Parliamentary Supremacy | Definition | Politics | Limitations

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Parliamentary Supremacy | Definition | Politics | Limitations / Disadvantages

Parliamentary Supremacy | Parliamentary Sovereignty
A photo showing a legislative house in Europe…

The Concept of Parliamentary Sovereignty

Parliamentary Supremacy or Parliamentary Sovereignty can be defined as the exclusive right of parliament to make and unmake laws without any form of extemal control.

Limitations to Parliamentary Supremacy

  • Constitutional limitation: The role of the parliament is defined in a constitution, referendum and amendment procedure.
  • Judiclal review: The Supreme court has the power to review acts of the legislature and declare them unconstitutional or null and void if they run counter to the provisions of the constitution.
  • International constraints: Most of the international treaties entered into or signed by the government of a country can limit parliamentary supremacy.
  • Laws or Rules: These are laws or rules and regulations made by international organizations of which a country is a member., e.g. African Union, European Union, ECOWAS, United Nations and OPEC.
  • Activities of interest groups: Some of the activities of political parties and pressure groups from within and outside the country can restrict parliamentary supremacy.
  • The resources of the State: The limitation comes in here if the country is dependent on other countries militarily, economically and technologically.
  • Public Opinion / Mass Media: Public opinion and the influence of mass media can bring about limitation to the supremacy of parliament.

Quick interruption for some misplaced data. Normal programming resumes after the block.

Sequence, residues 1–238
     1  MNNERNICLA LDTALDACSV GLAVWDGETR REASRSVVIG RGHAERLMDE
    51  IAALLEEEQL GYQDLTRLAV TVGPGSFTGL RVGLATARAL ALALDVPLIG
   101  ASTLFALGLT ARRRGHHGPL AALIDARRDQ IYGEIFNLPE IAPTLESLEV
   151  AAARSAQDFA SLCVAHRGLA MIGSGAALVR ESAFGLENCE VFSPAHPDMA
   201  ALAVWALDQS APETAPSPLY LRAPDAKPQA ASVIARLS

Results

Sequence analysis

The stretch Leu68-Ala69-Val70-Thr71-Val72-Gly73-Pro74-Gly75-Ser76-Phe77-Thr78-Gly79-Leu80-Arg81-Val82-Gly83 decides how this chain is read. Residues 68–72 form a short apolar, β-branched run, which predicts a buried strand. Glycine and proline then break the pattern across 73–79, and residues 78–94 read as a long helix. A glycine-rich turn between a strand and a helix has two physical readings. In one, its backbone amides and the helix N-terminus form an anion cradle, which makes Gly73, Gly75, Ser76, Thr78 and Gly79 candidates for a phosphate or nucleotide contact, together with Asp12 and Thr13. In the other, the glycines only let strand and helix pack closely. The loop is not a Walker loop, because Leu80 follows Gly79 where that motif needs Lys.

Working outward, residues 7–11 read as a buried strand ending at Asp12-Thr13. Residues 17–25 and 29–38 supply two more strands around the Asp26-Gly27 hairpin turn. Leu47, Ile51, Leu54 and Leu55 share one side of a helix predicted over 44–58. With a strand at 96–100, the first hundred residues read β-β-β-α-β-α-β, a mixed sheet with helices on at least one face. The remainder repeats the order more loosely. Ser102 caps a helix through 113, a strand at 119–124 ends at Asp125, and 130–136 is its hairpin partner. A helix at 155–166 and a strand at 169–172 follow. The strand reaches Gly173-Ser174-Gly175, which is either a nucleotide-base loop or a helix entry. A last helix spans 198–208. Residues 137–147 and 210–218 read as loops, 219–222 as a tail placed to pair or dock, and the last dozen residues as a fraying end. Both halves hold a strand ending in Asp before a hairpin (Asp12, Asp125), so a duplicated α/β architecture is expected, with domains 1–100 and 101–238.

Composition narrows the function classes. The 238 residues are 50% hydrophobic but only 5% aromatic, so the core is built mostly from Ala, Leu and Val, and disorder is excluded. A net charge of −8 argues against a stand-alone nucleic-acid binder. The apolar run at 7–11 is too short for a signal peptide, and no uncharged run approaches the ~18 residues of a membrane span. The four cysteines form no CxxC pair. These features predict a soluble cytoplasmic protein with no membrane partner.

• Complexities of Modern Government: The complex nature of modern government had made it imperative for power and functions to be delegated to subordinate bodies.
  • Executive Limitation: For example, dissolution of parliament in the cabinet system and veto power in the presidential system.
  • Rules/Standing Orders of the House: This can also bring about limitation to parliamentary supremacy.
  • Pressure Groups: The activities of pressure groups in any political system can limit parliamentary supremacy.
  • The Mace: The mace in the House as a sign of authority limits the activities of the legislature.
  • Quorum: The smallest number of laws-makers who must be at a session before decisions can be made, places limitation on the legislature.
  • Time or Period Limitation: Time or Period also places limitation to parliamentary sovereignty.
  • Party Discipline: Adherence to party rules, discipline and ethics by members of different political parties in the House is a limitation to parliamentary supremacy.
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